Miller, Isabel. Patience and Sarah. Vancouver: Arsenal Pulp Press, 1969.
Reason read: Alma Routsong was born in November; read in her honor.
This is such a fascinating story. Isabel Miller learns of two real life pioneering women, Mary Ann Willson and her partner, known only as “Miss Brundage,” and has to write about them. Willson and Brundage set off to find a place where they could live as an openly homosexual couple. Their courage sparked a story in Miller and Patience and Sarah was born.
To meet the women: Sarah Dowling was raised as a boy; taught to shoot a gun and chop firewood like a man. In Patience’s mind, Sarah needed rescuing from that existence. Patience White was a demure and quiet painter, but it was she who started planting the seeds of running away early in her relationship with Sarah. “But could you take it pioneering with you?” Patience asked of the ax Sarah was wielding.
Patience and Sarah was originally published under the title, A Place For Us. The book ends with Patience and Sarah leaving their old lives behind to find a new place where they could be themselves as a couple. Their love endures ridicule and prejudice and even among themselves they harbor doubts. Sheer courage carries them forward.
Patience and Sarah could be considered the very first lesbian historical novel.
Lines I loved (and there were many), “Women might peck at her with their sharp mean noses” (p 18), “There would be no way out except through” (p 49), and, “…but as soon as he kissed me I knew I could not live a life where that happened all the time” (p 102).
Lines about love, “I keep thinking every shadow is you” (p 47), and “I felt my heart melt and drip off my fingertips” (p 105).
Author fact: Isabel Miller is a pseudonym for Alma Routsong. Alma took her mother’s maiden name (Miller) and an anagram of the word lesbia (Isabel) to form her pen name. Another interesting fact is that Isabel left her husband and four children. Luckily, they all forgave her.
Book trivia: The American Library Association honored Patience and Sarah with its first ever Gay Book of the Year Award in 1971. Another last piece of trivia: the book was made into an opera in 1998. That seems a little odd to me.
Nancy said: Pearl said it would be “interesting to compare” The Well of Loneliness by Radclyffe Hall to Miller’s Patience and Sarah. (Book Lust p 94).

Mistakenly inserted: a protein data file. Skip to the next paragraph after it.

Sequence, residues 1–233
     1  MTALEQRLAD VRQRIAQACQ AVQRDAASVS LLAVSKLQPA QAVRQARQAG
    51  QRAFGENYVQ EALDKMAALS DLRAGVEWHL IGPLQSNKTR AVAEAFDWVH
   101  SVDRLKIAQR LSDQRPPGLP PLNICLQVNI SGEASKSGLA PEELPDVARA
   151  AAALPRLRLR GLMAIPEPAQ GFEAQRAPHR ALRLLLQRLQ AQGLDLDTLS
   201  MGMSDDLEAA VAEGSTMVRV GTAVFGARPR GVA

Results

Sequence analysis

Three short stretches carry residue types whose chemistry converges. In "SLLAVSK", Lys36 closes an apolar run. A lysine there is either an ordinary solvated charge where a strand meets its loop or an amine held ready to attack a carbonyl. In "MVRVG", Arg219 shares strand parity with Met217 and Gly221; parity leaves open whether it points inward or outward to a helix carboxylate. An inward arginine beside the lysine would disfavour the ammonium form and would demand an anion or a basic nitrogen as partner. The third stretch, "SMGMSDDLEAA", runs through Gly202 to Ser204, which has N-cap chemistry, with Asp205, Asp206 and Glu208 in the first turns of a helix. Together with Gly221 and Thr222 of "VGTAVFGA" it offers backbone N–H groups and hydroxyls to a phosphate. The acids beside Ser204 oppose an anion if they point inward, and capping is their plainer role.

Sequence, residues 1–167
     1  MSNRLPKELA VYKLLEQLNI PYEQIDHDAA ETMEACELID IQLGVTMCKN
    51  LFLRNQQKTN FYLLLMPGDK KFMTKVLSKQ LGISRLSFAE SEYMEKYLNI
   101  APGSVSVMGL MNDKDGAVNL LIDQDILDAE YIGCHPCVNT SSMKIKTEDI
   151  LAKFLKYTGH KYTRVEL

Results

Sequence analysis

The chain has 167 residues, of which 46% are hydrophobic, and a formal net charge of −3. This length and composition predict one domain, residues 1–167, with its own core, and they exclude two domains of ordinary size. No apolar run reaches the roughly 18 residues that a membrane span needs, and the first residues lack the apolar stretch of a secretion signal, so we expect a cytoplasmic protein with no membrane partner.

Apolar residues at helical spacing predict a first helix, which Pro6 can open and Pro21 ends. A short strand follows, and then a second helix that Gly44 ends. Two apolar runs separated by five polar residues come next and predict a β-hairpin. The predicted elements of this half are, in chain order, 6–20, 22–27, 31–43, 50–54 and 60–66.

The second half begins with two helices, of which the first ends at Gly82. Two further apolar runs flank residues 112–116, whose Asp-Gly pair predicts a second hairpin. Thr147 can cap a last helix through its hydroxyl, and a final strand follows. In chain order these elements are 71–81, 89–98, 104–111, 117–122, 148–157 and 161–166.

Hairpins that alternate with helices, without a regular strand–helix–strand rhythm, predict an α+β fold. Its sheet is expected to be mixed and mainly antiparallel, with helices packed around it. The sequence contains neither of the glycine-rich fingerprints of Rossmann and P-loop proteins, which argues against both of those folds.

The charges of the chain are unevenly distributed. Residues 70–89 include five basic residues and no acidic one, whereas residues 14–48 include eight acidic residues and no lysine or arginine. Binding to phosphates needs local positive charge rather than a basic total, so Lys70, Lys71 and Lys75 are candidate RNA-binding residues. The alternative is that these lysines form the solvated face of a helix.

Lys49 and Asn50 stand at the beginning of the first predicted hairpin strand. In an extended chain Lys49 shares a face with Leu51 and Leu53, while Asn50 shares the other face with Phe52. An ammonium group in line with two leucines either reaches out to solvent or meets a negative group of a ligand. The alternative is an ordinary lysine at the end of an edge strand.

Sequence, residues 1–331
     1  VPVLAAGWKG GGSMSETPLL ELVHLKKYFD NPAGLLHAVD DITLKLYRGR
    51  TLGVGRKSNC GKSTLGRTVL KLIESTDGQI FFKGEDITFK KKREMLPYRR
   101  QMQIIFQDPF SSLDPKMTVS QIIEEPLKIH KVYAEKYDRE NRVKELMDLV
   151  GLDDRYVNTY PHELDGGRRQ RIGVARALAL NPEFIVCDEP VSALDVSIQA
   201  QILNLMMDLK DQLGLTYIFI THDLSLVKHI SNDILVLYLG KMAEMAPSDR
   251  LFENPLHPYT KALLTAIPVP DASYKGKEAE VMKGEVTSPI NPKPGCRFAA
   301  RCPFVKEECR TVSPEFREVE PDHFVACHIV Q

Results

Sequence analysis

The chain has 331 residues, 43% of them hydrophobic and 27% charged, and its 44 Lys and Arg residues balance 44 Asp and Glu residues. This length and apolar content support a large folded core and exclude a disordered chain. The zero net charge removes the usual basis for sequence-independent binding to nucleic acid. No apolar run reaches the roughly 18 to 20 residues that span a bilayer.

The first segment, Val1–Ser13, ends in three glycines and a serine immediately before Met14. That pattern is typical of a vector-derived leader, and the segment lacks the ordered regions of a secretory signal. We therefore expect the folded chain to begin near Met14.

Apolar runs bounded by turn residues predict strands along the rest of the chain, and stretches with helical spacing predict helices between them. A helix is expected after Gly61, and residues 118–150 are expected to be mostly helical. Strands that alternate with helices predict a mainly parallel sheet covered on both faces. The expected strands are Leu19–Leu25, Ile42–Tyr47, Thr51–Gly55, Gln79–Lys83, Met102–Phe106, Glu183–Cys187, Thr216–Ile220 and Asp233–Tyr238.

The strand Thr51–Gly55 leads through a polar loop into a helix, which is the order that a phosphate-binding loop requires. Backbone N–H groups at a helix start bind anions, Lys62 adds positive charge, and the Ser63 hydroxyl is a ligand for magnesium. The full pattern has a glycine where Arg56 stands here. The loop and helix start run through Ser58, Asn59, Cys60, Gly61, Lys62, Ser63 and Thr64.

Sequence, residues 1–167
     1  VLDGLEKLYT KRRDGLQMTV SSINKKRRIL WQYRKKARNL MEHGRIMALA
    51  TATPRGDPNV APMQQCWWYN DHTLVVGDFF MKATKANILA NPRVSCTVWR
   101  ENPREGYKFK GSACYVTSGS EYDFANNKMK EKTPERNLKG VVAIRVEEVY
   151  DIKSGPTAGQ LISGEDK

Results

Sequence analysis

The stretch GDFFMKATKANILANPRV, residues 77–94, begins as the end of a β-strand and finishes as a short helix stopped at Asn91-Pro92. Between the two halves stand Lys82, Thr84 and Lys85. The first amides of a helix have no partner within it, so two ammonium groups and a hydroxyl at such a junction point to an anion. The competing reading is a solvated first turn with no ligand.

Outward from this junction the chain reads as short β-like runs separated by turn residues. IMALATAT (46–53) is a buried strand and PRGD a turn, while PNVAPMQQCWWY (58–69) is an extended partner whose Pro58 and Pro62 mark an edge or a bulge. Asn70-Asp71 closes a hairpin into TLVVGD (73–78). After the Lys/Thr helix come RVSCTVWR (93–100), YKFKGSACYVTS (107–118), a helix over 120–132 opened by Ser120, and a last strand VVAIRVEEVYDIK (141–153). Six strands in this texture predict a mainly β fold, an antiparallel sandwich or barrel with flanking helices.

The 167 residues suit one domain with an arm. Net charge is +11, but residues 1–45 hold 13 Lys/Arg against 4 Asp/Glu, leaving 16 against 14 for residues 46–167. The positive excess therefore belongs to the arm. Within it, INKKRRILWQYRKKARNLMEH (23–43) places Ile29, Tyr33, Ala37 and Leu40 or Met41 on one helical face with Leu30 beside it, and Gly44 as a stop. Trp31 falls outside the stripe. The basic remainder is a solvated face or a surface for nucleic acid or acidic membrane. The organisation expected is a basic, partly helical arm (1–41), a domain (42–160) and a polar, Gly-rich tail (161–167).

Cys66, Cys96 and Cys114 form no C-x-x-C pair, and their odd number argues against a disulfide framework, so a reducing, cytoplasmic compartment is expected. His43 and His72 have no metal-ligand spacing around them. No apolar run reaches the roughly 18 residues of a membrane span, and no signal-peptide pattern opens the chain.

BookLust Twist: from Book Lust in the chapter called “Gay and Lesbian Fiction: Out of the Closet” (p 93).
What do you do when the most inappropriate sentiment unexpectedly comes out of someone’s mouth? A confession that should never have left the lips of the confessor? Instead of thinking of the actions I should take I chose to take none. I do nothing. Distance makes it easy to ignore and deny. When I can’t avoid I read. Here are the books started for November:
- Foolscap, or, the Stages of Love by Michael Malone – Malone was born in the month of November; reading in his honor.
- Ceremony by Leslie Marmon Silko – in honor of November being Native American Heritage month.
- The Golden Compass by Philip Pullman – November is National Writing month. Choosing fantasy for this round.
- Patience and Sarah by Isabel Miller – Routsong’s birth month was in November. Reading in her honor.
- Martin Dressler by Steven Millhauser – reading in honor of Millhauser’s birth place, New York City.
- Expecting Adam: a True Story of Birth, Rebirth, and Everyday Magic by Martha Beck – in honor of my mother’s birth month.
- The Caliph’s House by Tahir Shah – in honor of Morocco’s independence was gained in November.
- Scales of Gold by Dorothy Dunnett – to continue the series started in honor of Dunnett’s birth month in August.
Fun: nothing decided yet.
Early Review: I have been chosen to receive an early review but I will refrain from naming it in case it doesn’t arrive.